Conversation with a Crow

The view from the moutain oversees the valley stretching out below. A great blue stream running into a sea of green. The path I took was long, my feet have blisters but it was worth this view. The air feels cleared, my lungs feel stronger. Even the clouds here seem pleased to see me. It’s from here I can let my thoughts run wild, with every ragged breath I take, every forced step I make to climb higher and higher, my thoughts become less pained.

There is a bird that has joined me here in my sacred place. A crow without friends or family. I think we could understand eachother so long as he doesn’t fly away from me. Birds are nervous, untrusting creatures. Understandably. Humans are just as nervous and more untrusting. But being larger gives us confidence.

The crow cocks his head sideways to check my advances, calculating inside that pea-sized brain of his. Am I a threat? Or friend? I sit within three feet of the crow on a stone and begin a conversation with it.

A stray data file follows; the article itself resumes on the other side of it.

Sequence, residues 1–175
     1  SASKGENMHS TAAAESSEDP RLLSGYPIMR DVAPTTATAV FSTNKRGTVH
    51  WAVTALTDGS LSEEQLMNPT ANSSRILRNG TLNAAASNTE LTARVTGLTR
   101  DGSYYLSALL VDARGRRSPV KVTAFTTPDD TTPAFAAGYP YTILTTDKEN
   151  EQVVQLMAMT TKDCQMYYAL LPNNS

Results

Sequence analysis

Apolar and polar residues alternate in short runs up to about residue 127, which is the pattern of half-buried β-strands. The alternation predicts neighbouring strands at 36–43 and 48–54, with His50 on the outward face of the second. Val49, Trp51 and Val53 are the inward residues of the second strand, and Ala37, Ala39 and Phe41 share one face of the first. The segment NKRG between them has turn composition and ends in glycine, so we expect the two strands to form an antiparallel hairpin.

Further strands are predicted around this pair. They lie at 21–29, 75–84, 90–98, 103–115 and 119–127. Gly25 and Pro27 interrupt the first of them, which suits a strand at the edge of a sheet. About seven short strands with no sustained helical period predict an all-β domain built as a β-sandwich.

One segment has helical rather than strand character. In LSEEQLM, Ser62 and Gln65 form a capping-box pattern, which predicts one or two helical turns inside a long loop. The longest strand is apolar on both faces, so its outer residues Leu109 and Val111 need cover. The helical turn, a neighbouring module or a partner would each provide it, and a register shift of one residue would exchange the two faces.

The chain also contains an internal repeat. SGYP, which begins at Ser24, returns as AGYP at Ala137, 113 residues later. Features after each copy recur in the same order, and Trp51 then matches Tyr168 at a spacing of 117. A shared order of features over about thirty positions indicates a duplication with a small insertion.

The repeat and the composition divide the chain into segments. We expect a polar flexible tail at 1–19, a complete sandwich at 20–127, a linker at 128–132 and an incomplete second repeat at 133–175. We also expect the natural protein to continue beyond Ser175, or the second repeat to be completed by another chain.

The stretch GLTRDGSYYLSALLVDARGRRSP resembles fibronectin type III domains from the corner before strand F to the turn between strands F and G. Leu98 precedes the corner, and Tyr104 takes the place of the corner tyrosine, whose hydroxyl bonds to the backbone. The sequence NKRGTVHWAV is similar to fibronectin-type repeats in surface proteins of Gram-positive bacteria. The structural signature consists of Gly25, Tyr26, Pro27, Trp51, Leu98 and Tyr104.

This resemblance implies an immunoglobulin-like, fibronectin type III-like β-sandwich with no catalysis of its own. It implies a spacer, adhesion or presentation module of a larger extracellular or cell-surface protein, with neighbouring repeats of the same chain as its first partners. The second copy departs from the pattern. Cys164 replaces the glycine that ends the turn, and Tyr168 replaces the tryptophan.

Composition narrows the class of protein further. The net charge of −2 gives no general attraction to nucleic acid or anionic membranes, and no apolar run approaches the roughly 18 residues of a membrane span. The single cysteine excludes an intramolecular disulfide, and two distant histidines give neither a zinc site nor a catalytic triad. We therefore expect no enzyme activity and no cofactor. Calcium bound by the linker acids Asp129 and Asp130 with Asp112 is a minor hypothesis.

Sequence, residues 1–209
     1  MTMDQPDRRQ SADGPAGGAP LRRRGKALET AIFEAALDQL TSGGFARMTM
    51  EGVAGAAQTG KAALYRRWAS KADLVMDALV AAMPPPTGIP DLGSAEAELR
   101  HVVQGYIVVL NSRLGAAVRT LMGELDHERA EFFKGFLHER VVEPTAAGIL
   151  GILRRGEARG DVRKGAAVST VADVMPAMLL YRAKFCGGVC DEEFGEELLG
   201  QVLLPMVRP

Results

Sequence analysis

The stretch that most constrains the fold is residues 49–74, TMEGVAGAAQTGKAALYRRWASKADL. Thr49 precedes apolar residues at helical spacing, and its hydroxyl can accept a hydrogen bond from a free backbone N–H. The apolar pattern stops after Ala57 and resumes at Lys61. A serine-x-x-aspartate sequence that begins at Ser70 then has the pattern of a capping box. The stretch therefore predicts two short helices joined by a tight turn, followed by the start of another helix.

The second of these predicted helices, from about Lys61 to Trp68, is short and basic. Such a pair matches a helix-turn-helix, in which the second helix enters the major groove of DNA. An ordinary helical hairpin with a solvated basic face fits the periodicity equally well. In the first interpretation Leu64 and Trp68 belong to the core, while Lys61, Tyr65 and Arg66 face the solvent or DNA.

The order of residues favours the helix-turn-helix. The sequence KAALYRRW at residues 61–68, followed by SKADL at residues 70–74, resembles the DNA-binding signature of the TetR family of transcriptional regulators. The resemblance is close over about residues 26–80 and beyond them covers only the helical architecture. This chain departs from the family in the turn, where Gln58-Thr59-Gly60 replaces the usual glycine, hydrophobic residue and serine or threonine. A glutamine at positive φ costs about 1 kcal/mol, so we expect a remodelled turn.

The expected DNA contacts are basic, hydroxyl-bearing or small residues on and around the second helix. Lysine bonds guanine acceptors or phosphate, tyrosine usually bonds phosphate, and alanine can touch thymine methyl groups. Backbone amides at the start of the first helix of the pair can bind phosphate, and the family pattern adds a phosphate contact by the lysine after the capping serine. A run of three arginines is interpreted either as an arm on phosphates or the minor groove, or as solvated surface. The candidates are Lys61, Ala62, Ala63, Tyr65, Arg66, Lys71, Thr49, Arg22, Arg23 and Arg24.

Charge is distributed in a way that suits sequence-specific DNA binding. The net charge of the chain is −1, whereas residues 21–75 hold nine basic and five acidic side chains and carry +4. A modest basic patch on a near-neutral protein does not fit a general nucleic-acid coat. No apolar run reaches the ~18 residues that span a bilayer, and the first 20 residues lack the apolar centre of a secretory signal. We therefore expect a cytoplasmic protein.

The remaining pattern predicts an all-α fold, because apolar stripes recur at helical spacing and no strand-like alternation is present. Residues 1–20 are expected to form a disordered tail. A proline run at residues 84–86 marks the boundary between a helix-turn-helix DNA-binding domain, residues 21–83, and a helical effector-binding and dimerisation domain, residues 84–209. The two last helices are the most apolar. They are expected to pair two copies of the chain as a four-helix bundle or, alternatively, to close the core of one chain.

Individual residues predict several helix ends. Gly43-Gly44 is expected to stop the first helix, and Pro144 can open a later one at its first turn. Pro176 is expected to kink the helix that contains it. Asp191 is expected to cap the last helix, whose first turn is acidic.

“Crow, are you lonely? You are all by yourself. I am lonely, I haven’t seen any of my kind for months.” “I have not seen any of my kind neither, human. Maybe we are the last of our species?” “For all we know we could be, crow.”

Author: Jack Bennett

Born and raised in Torquay, England. 22 years old. Teeming with thoughts that need an outlet, working a full time job at his local supermarket. Unfortunately born a poet, he will most likely suffer from this contradiction most of his life.

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